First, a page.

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US BESS manufacturing won’t meet demand unless ‘challenges’ are addressed, says SEIA


Cost and availability of raw materials is the biggest among a number of challenges that must be addressed if US-made products will be able to meet demand for battery storage in the country.

That’s according to the Solar Energy Industries Association (SEIA), which has produced a new report explaining how the US manufacturing value chain can overcome those challenges. Unchecked, the potential barriers will mean that the domestic lithium-ion (Li-ion) battery industry will fall far short of serving the needs of a market projected to grow to 119GWh annual demand by 2030, SEIA warned.   

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“America’s ability to lead the global clean energy transition and boost grid reliability depends on how quickly we scale domestic production and deploy battery storage technology,” Abigail Ross Hopper, CEO of the national trade association said.

The new white paper, ‘Energizing American battery storage manufacturing,’ “illustrates the competitive landscape of energy storage manufacturing and articulates the challenges the US must address,” to reduce the county’s reliance on battery imports and enhance its energy security, Hopper said.

This is despite government policy support for domestic manufacturing, seen most prominently in measures to incentivise both demand for, and supply of, batteries made in the US resulting from the Bipartisan Infrastructure Law and Inflation Reduction Act.

Somewhere in the region of US$300 billion investments in clean energy have been announced in the US since the IRA passed into law a year and a significant portion of that has gone towards battery gigafactories – an area in which the US has now overtaken Europe to the extent that the European Union (EU) is moving to introduce its own equivalent, the Net Zero Industry Act, on which negotiations are set to begin between EU member states.

Of course, the major ‘competitor’ for both is China, which is home to around 90% of the global Li-ion manufacturing industry and owns nearly all the materials processing value chain.

Today, there is only about 60GWh of annual Li-ion production capacity in the US, which is nowhere near enough to have served the roughly 670GWh of demand for electric vehicle (EV) batteries and 18GWh of battery energy storage system (BESS) demand that was recorded in 2022.

By 2030, SEIA said, EV battery demand could rise to as much as 4,000GWh and BESS battery demand to 119GWh.

New factories are forecasted to increase annual domestic production capacity to about 630GWh within the next five years, and Free-Trade Agreement (FTA) countries will add about 810GWh for a total of 1,400GWh of supply to the US.

However, not all of those forecasted new facilities are guaranteed to materialise, and perhaps more importantly, EVs will remain the main target market for battery makers. Around 90% of new announced capacity will be dedicated to vehicles and the remaining 10% will be split between BESS and other applications, although SEIA noted that some EV battery makers have yet to specify whether they will also produce cells to meet demand from the stationary storage market.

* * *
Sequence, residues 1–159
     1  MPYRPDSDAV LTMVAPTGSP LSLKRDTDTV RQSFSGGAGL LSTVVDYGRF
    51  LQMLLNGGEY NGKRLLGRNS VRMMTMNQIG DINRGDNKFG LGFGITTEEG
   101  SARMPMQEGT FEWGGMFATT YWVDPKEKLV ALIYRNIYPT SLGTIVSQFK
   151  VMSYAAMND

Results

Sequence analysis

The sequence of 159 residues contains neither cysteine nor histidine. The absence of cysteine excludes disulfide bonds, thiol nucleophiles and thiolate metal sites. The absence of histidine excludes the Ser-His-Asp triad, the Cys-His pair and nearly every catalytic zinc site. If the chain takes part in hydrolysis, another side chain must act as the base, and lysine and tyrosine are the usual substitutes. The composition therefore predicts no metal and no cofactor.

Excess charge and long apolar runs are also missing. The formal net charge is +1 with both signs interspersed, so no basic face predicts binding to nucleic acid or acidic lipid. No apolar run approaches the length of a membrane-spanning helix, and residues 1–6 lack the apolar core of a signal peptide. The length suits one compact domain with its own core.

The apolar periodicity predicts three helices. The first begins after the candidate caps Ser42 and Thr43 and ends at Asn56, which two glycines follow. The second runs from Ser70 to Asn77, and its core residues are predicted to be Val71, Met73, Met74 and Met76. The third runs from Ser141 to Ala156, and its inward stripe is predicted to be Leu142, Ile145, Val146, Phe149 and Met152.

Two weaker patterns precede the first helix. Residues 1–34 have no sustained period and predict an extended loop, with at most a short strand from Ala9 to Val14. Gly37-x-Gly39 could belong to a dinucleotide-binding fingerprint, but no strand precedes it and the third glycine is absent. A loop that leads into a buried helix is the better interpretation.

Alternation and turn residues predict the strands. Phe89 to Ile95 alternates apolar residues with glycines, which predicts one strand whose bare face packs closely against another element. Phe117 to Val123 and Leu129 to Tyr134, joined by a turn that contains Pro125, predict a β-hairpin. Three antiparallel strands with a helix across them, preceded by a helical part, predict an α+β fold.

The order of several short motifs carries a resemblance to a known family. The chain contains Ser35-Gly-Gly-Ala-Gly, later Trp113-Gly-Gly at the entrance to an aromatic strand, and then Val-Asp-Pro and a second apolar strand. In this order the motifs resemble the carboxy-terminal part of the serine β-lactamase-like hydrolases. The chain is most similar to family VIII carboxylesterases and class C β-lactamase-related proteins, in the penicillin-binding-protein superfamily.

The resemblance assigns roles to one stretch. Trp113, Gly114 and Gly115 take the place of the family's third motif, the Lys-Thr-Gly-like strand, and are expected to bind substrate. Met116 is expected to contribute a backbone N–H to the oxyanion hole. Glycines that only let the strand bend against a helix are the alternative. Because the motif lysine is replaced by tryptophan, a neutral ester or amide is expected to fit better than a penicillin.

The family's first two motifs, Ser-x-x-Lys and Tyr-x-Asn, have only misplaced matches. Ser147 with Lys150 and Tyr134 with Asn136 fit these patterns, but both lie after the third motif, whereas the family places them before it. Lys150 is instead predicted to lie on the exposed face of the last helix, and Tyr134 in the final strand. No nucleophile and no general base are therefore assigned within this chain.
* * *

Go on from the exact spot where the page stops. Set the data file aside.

Graphite supply ‘a potential chokepoint’

While finding US or FTA-sourced lithium and phosphorous should not be too difficult by 2030, the US market will still need to compete with other countries for supply, with China the most common destination for lithium from FTA countries.

However, graphite, one of the other main raw materials, will be a different story and represents a “potential chokepoint”. Without any current natural graphite production sites existing in the US, and 60% of graphite mined in the past five years coming out of China, the US will likely depend on sourcing it from Canada or Australia. Yet neither of these countries will be capable of producing on the scale needed to meet demand from the US, according to SEIA’s report.

Production yields

Elsewhere, the head start of China and other battery producing countries like South Korea or Japan may also count against the US, at least in the short term.

New entrants to the industry are only typically able to achieve production yields at about 50%, whereas for more established players, the figure is closer to 90% and for Chinese cell producers, it is closer to 98%.

Raising production yields will be vital to the cost-competitiveness of US-made batteries, and SEIA recommended that partnerships with established players will be needed to overcome this barrier.

Other challenges include the need to hire or train up large numbers of workers, which again, will most likely require collaboration with more experienced foreign partners.

IRA incentives to reduce cost of US production by 40%

The policy support from the government, particularly via the IRA, will have a positive impact on US cost-competitiveness, with SEIA predicting IRA measures to reduce the cost of domestic production by more than 40%.

SEIA said that state-level policy can also make a difference, noting that different types of incentives like tax breaks, workforce development support and support for siting and permitting factories provide “critical early-stage support for the supply chain buildout from mining and refining to factories and R&D activities”.

“Smart and strategic investments across the supply chain are needed because building a domestic energy storage base is a strategic imperative for US energy security,” SEIA chief Hopper said.

Read the SEIA report, ‘Energizing American battery storage manufacturing’, here (PDF).

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